13 Jun Goldie Sayers on Why Now is the Time to Switch On?
Goldie Sayers retired from athletics earlier this year after nearly two decades at the sharp end of a sport in which she won an Olympic bronze medal and broke the British javelin record. Here she talks to Switch the Play and passes on the wisdom gained during 20 Years of International Sport.
“My number one tip for those preparing for life outside of sport is get yourself a mentor; find someone who has done everything you want to and ask them for help. If you don’t know where to find one become a member of Switched On which has been formed for exactly this reason – to help athletes prepare.This will enable you to avoid your own mistakes, and some of theirs, too! You’ll be surprised how many people want to help if you want to learn. And don’t be afraid to ask questions! If you don’t understand something ask why? I believe it is as important to understand why you’re doing something as it is actually doing it. No single person knows everything, but you can learn something from everyone.
Coaching others has a really big role to play. It consolidates what you know and confirms both to your subconscious and conscious mind what’s most important when it comes to performing well. Coaching those less able than you will not only help them but it will aid your own performance, too.
Remember – It’s your career and you need the best possible people to guide you. No problem is insurmountable with the right people in your corner so create your own team and trust your gut.. Train with the opposition – You might learn something, you might not. Either way, you’ll see they’re beatable!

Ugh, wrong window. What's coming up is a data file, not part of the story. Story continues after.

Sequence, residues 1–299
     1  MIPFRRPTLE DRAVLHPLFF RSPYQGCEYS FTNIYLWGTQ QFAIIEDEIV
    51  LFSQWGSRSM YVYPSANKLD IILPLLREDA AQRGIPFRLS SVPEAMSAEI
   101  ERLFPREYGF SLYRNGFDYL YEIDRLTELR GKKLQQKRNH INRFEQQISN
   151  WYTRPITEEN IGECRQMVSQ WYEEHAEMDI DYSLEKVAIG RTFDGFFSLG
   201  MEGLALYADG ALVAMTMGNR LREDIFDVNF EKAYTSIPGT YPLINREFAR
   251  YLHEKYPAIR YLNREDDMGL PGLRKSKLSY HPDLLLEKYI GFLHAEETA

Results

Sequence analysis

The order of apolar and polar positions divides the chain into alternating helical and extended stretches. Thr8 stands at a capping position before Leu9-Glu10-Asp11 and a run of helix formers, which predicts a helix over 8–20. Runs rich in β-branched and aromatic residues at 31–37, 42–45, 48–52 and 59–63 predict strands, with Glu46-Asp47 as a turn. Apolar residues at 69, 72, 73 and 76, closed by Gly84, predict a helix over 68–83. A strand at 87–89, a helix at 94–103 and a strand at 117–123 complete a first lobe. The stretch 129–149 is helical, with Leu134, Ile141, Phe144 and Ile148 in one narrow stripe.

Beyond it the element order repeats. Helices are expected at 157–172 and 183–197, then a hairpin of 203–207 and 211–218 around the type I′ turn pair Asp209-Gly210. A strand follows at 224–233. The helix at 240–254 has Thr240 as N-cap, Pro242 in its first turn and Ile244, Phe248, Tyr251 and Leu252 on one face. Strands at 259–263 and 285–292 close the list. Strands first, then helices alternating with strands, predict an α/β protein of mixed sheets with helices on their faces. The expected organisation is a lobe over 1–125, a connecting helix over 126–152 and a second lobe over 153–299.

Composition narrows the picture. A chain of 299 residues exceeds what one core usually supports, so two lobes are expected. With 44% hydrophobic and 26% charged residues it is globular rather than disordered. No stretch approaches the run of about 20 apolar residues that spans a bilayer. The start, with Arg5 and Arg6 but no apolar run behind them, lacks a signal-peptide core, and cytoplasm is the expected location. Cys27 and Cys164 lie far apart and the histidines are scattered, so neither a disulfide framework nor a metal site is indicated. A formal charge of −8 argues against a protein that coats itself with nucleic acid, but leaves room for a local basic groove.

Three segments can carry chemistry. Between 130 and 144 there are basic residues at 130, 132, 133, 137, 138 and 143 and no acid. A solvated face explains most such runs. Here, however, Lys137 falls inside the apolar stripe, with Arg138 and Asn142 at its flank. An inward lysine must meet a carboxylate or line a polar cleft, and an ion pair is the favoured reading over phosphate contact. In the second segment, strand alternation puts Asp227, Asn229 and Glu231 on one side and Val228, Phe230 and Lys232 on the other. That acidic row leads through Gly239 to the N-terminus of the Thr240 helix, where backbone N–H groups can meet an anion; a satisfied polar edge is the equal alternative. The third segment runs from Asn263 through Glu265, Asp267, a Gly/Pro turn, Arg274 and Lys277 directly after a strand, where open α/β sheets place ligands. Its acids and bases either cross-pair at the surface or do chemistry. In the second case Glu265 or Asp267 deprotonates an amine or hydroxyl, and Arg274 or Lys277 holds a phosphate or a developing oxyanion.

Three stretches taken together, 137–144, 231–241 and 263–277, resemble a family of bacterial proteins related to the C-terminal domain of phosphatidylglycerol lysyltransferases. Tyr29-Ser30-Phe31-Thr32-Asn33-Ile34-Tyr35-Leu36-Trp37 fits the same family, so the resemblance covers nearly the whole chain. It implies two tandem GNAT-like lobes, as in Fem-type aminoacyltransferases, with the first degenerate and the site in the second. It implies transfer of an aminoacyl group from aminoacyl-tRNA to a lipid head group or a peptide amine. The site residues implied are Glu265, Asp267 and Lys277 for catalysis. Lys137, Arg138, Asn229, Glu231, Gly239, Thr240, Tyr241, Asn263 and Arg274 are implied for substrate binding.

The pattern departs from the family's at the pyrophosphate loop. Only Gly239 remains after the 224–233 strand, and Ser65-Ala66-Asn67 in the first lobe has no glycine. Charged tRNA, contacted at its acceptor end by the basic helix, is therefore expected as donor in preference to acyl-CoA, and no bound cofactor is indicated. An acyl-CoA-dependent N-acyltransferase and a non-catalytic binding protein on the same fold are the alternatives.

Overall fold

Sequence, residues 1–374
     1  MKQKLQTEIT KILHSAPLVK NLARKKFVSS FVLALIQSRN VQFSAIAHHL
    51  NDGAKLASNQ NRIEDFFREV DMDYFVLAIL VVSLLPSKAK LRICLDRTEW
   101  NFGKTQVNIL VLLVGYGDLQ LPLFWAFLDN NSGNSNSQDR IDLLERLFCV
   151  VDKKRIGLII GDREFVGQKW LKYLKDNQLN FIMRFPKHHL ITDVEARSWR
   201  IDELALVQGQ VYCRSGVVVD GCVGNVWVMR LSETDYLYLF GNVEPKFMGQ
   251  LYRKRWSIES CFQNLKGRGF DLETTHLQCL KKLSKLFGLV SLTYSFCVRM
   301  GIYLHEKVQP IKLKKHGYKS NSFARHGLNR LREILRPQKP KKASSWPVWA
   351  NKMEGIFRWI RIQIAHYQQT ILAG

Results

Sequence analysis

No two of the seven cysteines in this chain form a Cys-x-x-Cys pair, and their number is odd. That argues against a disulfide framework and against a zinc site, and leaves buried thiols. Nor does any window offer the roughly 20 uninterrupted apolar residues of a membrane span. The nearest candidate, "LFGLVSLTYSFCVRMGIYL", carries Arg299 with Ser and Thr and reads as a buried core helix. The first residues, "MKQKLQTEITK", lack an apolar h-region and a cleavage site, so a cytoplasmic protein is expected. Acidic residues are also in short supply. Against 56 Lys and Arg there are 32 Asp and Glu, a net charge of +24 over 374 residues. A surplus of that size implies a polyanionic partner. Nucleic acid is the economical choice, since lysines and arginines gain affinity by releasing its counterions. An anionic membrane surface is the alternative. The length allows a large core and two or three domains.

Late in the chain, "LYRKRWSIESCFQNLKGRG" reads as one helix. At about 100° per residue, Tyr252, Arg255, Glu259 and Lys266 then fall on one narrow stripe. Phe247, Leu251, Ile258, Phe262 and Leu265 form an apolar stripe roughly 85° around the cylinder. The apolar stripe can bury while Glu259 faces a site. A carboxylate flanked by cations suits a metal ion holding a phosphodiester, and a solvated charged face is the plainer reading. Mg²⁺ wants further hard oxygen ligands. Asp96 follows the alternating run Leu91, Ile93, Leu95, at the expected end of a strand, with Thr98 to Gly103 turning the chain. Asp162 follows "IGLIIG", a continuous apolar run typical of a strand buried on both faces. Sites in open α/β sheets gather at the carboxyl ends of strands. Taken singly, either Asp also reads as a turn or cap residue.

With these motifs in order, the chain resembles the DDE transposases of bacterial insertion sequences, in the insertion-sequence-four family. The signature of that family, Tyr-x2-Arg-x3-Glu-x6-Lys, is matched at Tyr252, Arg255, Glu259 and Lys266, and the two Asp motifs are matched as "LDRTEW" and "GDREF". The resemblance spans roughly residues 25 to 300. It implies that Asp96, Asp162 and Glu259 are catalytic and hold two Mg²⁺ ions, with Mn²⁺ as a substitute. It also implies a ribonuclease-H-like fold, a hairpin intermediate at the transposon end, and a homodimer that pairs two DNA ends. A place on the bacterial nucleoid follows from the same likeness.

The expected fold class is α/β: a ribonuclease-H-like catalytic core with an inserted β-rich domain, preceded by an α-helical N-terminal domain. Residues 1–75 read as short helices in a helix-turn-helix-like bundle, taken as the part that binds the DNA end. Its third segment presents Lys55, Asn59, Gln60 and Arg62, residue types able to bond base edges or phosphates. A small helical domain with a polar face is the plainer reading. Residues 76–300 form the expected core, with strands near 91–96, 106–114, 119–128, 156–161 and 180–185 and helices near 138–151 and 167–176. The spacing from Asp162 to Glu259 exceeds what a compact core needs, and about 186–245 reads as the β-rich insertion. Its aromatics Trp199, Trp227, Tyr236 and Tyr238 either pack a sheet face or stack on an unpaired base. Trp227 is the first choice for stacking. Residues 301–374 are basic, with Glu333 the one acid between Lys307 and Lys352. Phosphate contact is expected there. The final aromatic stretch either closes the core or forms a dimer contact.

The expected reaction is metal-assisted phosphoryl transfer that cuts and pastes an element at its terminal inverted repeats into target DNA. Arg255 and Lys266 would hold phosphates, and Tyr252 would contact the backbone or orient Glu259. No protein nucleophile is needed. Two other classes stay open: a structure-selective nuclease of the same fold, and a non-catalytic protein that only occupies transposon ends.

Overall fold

It’s easy when thinking about life beyond sport to focus on the skills/attributes you don’t have. It’s right to work on your weaknesses, but really develop your strengths. If you’re not sure what they are, ask someone you trust, or again,make the most of organistations like Switch the Play who offer masterclasses in self-awareness through their membership network Switched On.
We naturally have a tendency to be hard on ourselves. It is important to celebrate successes. You’ll never achieve the perfect performance and there will always be something you can improve, so celebrate the good ones as one day it will be impossible to perform like that. You never realise how good you are at the time. Believe that anything is possible.
Most of all we all need to plan for our retirement – Your career in sport will be over in a flash. Having a plan will not only aid your performance but will make the transition easier. Talk to older athletes who’ve been through it and keep some money aside for re-training. It can be enjoyable if you’re prepared, but daunting if you’re not.
Don’t stop moving when you retire. See obstacles as opportunities! Sport can feel like life or death at times. It’s not. So again, enjoy it whilst it lasts!